My pregnant battle with Body Image Demons

Guest post by Kate Fox
Fan/Fern dance

Like a lot of people, I have a complicated relationship with my body. My body is wonderful. Truly. It’s where I live, how I interact with the world; it’s able and strong and willing to do anything I ask of it. It’s a good friend. Actually, it’s more than that; it’s my life force.

But due to not unusual hang-ups and high school experiences, I don’t treat my body as a friend of any sort. I berate it, obsess about its imagined flaws. My body and I were getting to a good place though. I’d kept off 60 pounds for nearly a decade; I’d run a half-marathon, exercised (somewhat) regularly, ate well. I was good to my body, even if I didn’t feel good about it. So, I tackled that next. I overlooked my cynical nature and started doing daily affirmations and the assignments in Beautiful You. It helped. I was getting somewhere.

And then I got pregnant.

Though I was (and am) very excited to be pregnant, I was also now in full combat with the Body Image Demons™. Eating, which had become routine, was now a compulsion toward cheese and simple carbs, leading to self-flagellation and regret. I felt lethargic, a sleepy shadow of my former self. I watched my lower belly start to swell and realized it would probably never again be as flat. Anxiety resurfaced. I quit exercising; I quit affirming myself; I quit reading Beautiful You.

When I was 11 weeks pregnant, my husband and I set off to hike Banff and Glacier National Parks — our last pre-baby hurrah. We flew into Calgary and stopped by the 1988 Olympic Park. After we’d seen the Cool Runnings memorabilia (“Feel the rhythm, feel the rhyme!”), my husband started casually ambling to the top of the bobsled run, then across to the ski jumps, behind the luge, and back down the mountain. I was lagging; my legs hurt; I was out-of-breath, and we weren’t even hiking yet.

I pretended I was fine until all of my terrible feelings about my body came flooding back at once (I wasn’t strong; I was lazy; I was fat). I screamed “FUCCKKKKKK!!” to the great Canadian expanse beneath and collapsed in angry sobs. My husband sat down next to me, started rubbing my back, and patiently listened to the emotional word-vomit that followed.

Over the next few days, we hiked some short distances and focused on the beauty and bounty around us. My calves were sore, but getting stronger. The hikes got longer little by little, and my husband reminded me to eat what my body demanded, not what the Body Image Demons told me I should eat. I slept a lot and saw few night skies in the northern summer, but I was having fun. My body and I were becoming a team again.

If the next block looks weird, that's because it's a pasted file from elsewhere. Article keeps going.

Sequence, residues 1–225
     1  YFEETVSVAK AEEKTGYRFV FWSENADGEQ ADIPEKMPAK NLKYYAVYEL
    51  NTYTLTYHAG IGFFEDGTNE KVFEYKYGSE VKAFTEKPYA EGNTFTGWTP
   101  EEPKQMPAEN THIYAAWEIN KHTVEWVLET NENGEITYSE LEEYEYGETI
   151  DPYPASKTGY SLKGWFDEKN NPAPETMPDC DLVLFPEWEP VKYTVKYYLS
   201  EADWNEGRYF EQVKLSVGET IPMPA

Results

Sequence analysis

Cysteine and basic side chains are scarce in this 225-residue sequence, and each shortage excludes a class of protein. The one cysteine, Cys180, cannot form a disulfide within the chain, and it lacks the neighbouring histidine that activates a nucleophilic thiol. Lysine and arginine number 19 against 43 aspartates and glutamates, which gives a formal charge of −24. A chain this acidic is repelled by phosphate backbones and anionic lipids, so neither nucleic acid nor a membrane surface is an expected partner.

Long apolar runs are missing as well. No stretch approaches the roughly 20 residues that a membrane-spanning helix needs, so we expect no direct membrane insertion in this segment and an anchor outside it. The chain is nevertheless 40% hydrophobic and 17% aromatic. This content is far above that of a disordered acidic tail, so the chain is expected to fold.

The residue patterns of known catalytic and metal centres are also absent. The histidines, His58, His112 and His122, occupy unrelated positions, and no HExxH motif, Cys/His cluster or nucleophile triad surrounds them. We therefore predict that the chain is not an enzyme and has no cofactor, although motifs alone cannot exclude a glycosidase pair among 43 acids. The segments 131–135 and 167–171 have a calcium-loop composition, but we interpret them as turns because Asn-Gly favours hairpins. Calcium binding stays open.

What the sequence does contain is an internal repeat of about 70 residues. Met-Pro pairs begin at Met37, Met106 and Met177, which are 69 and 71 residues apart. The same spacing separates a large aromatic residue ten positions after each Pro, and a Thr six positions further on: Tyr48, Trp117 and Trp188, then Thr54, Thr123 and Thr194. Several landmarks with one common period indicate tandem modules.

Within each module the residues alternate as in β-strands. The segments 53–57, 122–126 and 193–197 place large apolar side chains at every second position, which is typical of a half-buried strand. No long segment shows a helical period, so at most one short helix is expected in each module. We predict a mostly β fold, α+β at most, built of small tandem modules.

By the end of our two-week trip, we had hiked over 70 miles in all — 30 of which came in our last two days of hiking. Those two days were filled with beauty, calm, exhilaration, doubts, and triumphs. On our very last hike, I quit. We were near the top of 2,000 feet of switchbacks and close to the summit of the hike. But, my body was done. I was done. I couldn’t (or wouldn’t) push through. After eating and rehydrating, my husband slowly and carefully led me down the mountain and back to the trailhead. I loved him so deeply in that moment, but, oddly enough, I also loved myself. Sure, I had quit, but I also achieved much more than I thought I could.

When we got home, I was happily in the second trimester and determined to keep treating my body well. I am exercising again and not berating myself when I do less than I did pre-pregnancy. I recognize exercise as a means of keeping myself healthy and preparing for labor, not a quest toward a beauty standard I will never achieve. I am eating when I’m hungry and not counting calories. I am going to pre-natal yoga with a friend. I am remembering that my body, convex and changed, is completing its most extraordinary feat yet.

I still struggle — on an almost-daily basis — with the silly battle of reconciling who I am with a made-up ideal, and I expect this to only intensify in the months and years following the baby’s birth. But I think I am getting closer to acceptance. And my path to acceptance is paved with gratitude for the wonderful body I have and the beautiful things it allows me to do.

Comments on My pregnant battle with Body Image Demons